Religious Studies Graduation Reception, 2016

Here are some pictures from our Religious Studies graduation reception–on May 14th, 2016 at Larson Park in Arcata, CA. Congratulations to all our wonderful students! And a special mention to our student award winners:

Eric Freed Peace & Justice Award – Andrew Perera

Outstanding Student Award – Zoe Thurman & Cade Strickland



Roy King and Robert Underhill Lecture on DNA Research, Pre-History, and Biblical Studies

On April 13, the Religious Studies department welcomed Drs. Roy King and Peter Underhill (HSU alum) to campus to speak on “Climate Change & Migration, through Genetics and Religious Studies.” Both drove from Stanford, and led over 100 students and communities members through a multi-disciplinary lecture and discussion of topical interest to many of us here on the HSU campus.

Underhill has been working in research that allows us now to understand ancient populations through detailed analysis of DNA typologies, that include many people from pre-historic cultures. He gave an overview of the science behind this, and Roy King followed with a discussion of how this research allows us to understand more about the emergence of ancient Israelite culture and the Hebrew Bible.

The event was a success, and we hope to have one or both of these scholars back for another event in the coming academic year.

Iranian Scholars Give Lecture on Islamic Mysticism

On April 2, 2015 Mohammad Monib and Mohammad Amindin (Professors at the International Institute for Islamic Studies in Tehran, Iran) gave a lecture about the foundations of Islamic Mysticism on the HSU campus. They stressed the importance of compassion and justice as central concepts and practices for all of Islamic life, but also for the elevated consciousness that derives from Sufi practice. Their lectures were informative and filled with excellent examples from their long experience and extensive study of Islam in Iran. We celebrate this magnificent example of intercultural exchange.

Many thanks to Mary Bockover for organizing this event, and for including Religious Studies as partners with the Philosophy Department in sponsoring the lecture.

Memorial for Eric Freed in Arcata

On Sunday, March 1, 2015, from 2:00-5:00 p.m., Humboldt State University’s Religious Studies Department hosted a celebrative commemoration of the life and legacy of Father Eric Freed at the Plaza Grill, at 780 7th Street in Arcata.

It has been a year since the tragic death of Father Eric Freed, and the HSU Religious Studies department has worked during this time to render this unfathomable loss into something positive for our students and community. Eric left us with a strong awareness of how important community is to our individual and collective well-being. It is in this spirit that we invited alumni, friends, and the greater community to an afternoon in celebration of Eric’s life and the ways that we can, and do, work together to foster peace and justice.

Father Freed taught courses for the HSU Religious Studies department for seven years, during which time he influenced countless students as they practiced engaged scholarship, learned deeply of the religious traditions of the world, and applied what they learned to projects, large and small, for human betterment. His positive impact continues to reverberate through our classrooms, congregations, community centers, and through myriad individual hearts and minds.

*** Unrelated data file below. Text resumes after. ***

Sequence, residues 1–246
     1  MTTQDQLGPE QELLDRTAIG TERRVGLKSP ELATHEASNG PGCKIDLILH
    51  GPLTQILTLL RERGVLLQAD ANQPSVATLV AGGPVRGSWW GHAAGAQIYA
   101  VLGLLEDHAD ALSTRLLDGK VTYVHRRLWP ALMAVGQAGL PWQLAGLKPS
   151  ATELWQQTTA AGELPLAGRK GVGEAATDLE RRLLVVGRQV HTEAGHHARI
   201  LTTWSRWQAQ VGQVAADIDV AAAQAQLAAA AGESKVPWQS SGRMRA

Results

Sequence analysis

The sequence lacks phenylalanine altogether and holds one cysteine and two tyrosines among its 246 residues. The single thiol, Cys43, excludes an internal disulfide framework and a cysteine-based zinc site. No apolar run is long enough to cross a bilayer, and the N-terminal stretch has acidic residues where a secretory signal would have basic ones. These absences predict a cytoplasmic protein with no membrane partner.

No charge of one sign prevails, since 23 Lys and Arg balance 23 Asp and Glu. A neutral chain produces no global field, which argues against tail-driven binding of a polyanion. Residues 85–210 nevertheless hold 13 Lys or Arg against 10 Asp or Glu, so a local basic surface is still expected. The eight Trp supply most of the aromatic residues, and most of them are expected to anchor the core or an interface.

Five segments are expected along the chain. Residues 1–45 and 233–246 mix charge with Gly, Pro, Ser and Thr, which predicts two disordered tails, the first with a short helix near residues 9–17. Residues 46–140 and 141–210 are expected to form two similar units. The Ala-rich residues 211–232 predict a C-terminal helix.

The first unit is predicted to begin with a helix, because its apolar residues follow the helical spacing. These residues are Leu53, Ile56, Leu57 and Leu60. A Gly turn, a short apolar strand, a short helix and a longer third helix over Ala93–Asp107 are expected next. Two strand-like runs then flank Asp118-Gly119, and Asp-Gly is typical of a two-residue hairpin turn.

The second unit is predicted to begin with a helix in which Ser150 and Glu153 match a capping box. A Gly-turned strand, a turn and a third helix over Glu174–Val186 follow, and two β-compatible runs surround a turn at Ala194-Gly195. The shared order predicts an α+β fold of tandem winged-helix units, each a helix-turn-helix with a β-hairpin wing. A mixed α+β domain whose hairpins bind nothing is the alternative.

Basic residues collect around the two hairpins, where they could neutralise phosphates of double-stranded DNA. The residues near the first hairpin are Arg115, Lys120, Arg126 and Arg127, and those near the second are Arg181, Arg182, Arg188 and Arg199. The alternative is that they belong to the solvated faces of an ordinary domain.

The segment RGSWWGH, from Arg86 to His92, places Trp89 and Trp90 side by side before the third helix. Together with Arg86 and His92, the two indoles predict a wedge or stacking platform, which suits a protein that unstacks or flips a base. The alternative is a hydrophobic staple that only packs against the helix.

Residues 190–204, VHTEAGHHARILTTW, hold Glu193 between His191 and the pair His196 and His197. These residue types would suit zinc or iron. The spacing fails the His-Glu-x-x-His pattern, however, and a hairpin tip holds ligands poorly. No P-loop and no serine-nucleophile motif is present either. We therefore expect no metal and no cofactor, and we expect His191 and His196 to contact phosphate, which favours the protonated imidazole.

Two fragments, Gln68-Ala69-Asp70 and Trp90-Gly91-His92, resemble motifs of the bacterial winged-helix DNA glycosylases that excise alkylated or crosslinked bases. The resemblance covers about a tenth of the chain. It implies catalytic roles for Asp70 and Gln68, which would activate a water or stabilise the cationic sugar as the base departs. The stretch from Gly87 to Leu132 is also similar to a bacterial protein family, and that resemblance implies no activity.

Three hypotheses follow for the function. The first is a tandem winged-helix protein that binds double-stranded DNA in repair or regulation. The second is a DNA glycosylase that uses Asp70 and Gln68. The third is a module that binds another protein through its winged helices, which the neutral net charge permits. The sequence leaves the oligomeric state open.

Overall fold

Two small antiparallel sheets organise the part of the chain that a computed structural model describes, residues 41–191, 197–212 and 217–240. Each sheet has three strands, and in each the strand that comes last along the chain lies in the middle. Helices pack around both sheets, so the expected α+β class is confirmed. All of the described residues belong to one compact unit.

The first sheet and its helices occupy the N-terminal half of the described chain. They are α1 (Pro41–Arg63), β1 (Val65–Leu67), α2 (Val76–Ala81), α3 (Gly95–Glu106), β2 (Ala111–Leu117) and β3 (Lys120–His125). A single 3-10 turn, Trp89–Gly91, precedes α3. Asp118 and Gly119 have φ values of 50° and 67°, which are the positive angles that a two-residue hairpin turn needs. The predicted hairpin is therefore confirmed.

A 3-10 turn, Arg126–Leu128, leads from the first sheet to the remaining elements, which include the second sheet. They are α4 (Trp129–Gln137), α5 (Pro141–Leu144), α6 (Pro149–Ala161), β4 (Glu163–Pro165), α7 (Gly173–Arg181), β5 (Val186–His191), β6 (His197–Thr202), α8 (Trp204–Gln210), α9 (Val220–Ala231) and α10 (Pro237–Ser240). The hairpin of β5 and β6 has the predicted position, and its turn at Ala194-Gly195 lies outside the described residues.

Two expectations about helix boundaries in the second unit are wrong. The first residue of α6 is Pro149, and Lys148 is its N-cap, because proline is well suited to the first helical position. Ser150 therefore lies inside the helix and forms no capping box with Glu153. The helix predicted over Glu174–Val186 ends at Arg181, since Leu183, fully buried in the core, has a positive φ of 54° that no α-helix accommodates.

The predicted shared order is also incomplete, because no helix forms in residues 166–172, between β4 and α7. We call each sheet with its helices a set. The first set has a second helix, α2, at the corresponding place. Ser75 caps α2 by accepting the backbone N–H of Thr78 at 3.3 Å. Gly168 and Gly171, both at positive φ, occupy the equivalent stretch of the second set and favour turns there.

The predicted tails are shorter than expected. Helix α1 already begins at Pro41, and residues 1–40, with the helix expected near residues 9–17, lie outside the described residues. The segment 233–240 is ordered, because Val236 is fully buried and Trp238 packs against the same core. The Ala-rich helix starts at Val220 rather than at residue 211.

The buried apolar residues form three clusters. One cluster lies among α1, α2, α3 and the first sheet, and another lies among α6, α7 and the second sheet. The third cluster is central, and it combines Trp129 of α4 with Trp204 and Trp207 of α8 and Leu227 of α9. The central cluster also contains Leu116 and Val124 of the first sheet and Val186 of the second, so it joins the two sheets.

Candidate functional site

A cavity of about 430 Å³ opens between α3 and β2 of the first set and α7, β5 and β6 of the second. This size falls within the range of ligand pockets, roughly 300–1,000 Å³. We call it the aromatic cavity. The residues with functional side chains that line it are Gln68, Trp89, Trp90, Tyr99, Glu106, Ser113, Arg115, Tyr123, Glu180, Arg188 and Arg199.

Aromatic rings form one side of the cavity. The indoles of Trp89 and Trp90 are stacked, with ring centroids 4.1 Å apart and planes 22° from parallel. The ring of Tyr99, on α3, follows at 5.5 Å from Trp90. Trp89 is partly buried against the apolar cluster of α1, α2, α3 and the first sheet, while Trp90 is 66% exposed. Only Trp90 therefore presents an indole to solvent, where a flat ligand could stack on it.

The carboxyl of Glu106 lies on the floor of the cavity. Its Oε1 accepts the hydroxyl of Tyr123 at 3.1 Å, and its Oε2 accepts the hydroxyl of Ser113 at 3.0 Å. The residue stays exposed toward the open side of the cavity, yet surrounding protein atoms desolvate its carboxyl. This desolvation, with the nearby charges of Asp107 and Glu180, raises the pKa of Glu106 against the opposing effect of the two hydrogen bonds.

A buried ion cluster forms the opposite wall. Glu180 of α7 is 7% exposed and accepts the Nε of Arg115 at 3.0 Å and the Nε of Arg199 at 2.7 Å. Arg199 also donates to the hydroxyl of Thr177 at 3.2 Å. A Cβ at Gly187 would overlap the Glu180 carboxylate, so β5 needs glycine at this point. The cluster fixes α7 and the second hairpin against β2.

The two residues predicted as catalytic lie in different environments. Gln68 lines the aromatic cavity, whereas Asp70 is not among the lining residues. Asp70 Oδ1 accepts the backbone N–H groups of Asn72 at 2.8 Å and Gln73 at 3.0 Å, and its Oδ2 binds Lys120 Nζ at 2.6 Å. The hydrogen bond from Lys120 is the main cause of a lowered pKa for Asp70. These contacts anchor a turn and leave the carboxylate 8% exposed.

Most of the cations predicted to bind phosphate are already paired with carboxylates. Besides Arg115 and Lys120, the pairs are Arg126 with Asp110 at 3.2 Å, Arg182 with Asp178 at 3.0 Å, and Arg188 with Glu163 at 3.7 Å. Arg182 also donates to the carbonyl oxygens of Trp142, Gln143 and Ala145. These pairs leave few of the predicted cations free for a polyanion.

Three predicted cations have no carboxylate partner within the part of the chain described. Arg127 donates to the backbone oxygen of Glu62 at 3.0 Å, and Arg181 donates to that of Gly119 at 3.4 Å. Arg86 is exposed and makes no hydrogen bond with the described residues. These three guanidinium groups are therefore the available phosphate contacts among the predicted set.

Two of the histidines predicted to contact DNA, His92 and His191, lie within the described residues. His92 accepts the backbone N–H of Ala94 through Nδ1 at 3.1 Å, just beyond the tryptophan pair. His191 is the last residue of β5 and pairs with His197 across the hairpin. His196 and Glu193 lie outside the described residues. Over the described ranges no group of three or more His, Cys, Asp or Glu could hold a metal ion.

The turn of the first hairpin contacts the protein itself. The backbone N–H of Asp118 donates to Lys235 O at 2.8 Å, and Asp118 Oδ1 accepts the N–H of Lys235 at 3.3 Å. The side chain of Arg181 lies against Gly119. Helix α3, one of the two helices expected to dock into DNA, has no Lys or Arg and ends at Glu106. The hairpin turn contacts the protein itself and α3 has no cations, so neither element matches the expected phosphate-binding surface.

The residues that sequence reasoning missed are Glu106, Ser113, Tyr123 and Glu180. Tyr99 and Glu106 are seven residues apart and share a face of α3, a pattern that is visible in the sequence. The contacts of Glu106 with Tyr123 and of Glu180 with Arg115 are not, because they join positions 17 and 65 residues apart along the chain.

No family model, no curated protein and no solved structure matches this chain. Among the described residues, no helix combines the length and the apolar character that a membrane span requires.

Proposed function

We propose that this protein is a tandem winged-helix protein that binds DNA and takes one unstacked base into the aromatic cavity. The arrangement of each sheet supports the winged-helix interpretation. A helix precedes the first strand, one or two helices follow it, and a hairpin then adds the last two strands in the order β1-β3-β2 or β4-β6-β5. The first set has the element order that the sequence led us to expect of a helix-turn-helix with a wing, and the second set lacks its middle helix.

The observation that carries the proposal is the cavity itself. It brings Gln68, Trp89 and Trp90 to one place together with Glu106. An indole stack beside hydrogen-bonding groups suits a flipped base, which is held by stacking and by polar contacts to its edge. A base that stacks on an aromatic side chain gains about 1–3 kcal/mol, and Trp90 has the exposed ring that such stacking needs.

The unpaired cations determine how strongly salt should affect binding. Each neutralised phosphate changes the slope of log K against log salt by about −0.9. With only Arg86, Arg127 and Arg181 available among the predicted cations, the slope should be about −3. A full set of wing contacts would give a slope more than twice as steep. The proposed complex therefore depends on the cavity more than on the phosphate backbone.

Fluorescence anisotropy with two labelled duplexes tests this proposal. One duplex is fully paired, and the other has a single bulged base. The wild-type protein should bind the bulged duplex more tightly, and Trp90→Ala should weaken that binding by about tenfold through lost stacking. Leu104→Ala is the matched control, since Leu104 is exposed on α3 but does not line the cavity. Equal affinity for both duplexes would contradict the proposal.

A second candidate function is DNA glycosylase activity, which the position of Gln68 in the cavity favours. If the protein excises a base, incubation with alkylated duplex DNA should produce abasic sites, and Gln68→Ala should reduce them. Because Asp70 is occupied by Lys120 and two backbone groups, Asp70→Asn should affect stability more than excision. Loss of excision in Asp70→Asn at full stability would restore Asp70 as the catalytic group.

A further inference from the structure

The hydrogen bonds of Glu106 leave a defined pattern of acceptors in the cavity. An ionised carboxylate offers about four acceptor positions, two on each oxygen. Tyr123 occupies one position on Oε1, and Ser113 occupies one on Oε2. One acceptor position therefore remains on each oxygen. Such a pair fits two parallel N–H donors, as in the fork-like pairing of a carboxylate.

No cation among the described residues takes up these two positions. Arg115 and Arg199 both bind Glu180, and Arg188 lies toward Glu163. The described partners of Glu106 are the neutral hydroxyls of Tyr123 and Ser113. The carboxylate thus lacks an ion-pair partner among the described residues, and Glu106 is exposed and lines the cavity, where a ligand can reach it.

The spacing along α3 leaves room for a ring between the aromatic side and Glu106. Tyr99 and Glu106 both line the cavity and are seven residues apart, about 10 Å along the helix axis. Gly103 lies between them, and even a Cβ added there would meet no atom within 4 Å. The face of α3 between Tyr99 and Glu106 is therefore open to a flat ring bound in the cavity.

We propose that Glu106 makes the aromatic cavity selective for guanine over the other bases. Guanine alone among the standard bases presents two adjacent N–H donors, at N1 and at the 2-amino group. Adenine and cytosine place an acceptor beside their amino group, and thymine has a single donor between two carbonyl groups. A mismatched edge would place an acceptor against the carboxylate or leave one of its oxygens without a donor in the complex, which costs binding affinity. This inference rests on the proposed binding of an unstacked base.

Students, alumni, friends of Eric, and the community at large gathered to celebrate his legacy of engaged scholarship, social justice, and human kindness through sharing reflections, food, and fellowship.

Josh Rudolph and Willie Schubert Give Career Talk on Campus

Josh Rudolph (RS/International Studies, 2009) and Willie Schubert (GEOG) gave an inspiring presentation on their work since graduation. It shows the sorts of things you can do with a degree from HSU and the passion to follow your dream. Josh found his inspiration in the study of Chinese language and culture while majoring in RS. Willie (who did not major in RS, but worked with us extensively) began his work in social activism during his undergraduate years. For more on their current activities, see the poster for their alumni talk. Thanks to Tony Rossi for organizing this event.

Clergy for Choice Meet on HSU Campus

The Religious Studies Department was proud to join the local Clergy for Choice group in sponsoring the screening of Jon O’Brien’s documentary film, The Secret History of Sex, Choice, and Catholics on campus on the evening of January 29. O’Brien, president of the international non-profit Catholics for Choice, visited campus to introduce the film and to lead a discussion on the relationship between religion and public policy. Over 200 students and community members attended. We thank all who participated in the event, and look forward to seeing you all at future events.

Sean McCann Opens Practice in Chinese Medicine

[Sean McCann gives a brief report on his recent graduation with a degree in Chinese Medicine and acupuncture, and his subsequent opening of a new practice in North Carolina, where he has been seeing patients for the last several months. His report is in the form of a letter to William Herbrechtsmeier (dated 31 Aug 2015). Please enjoy. He’s doing some very interesting work.]